Inside the box you'll find the TS-269L as well as an AC power cord and adapter, two ethernet cables, quick installation guide, two bags of screws and the NAS companion CD which contains documentation and software.
QNAP also included an infrared remote control for this review. It does not normally come with the TS-269L but can be purchased separately and used to control its HD Station feature.
While there are a few cosmetic differences, the TS-269L looks very similar to QNAP's other 2-bay NAS servers. Aside from the front panel, which is a mix of glossy and black plastic, the device is made almost entirely of metal. The TS-269L measures 150 x 102 x 216 mm (5.91 x 4.02 x 8.5 in) and weighs in at 1.74 kg (3.84 lbs) without any hard drives installed.
Along with the two drive bays, the front of the TS-269L has a series of LED indicators. These LED's are used to show the current state of the hard drives, network and eSATA port. Also on the front is the TS-269L's power button, one touch copy button and one of its many USB ports.
The rear of the TS-269L is pretty straight forward. Along with the DC power connection, there is a 70mm fan. This fan is temperature controlled and only spins as fast as needed to keep the system cool. To the right of the fan you can see the TS-269L's HDMI port, settings reset button, dual gigabit ethernet ports, two USB 3.0 ports, two USB 2.0 ports and a single eSATA port.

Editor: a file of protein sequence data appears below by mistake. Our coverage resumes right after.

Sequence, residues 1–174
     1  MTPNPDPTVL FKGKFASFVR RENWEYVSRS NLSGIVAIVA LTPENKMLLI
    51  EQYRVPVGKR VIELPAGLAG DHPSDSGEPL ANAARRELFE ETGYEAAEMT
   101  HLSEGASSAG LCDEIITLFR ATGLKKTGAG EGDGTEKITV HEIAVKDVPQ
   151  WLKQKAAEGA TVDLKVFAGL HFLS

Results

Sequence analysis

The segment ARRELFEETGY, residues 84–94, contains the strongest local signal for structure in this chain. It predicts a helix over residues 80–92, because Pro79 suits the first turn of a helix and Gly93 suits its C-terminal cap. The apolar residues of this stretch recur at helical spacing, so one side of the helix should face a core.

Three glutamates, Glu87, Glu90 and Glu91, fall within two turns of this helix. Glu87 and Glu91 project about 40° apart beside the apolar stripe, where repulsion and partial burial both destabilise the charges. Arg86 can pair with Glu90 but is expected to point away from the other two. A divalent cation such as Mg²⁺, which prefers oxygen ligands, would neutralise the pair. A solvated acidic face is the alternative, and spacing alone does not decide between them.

While intended for home use, the TS-269L has many of the same features as QNAP's higher end offerings. Its embedded Linux-based operating system offers cross platform file sharing over various network protocols including CIFS/SMB, AFP and NFS. The TS-269L also offers support for RAID, iSCSI, server virtualization, data backups and domain authentication.
|iSCSI (IP SAN)
Server Virtualization & Clustering
Access Right Management
Domain Authentication Integration
Storage Plug & Play
The TS-269L includes a number of built in services for file sharing, backups and web serving. It can also function as a print server, download station or as a media center to stream music and videos to other devices in your home. If this still isn't enough, the TS-269L's capabilities can be expanded even further by downloading add-ons through the QPKG center.
TFTP Server with PXE Booting
Surveillance Station Pro
DLNA Media Server
The actual available QPKGs may vary depending on the NAS platform.
Before using the TS-269L you will need to install a couple of hard drives or SSDs. To begin, remove the two trays from the TS-269L and mount the drives to them using the included screws. When you are done, slide the trays back into their corresponding slots on the TS-269L and lock them into place by pushing down firmly on the levers.
With the hard drives installed, you can now connect the network cable and power cord and turn the TS-269L on. The server will beep once and then after another 2-3 minutes it will beep again, indicating that it has started up successfully.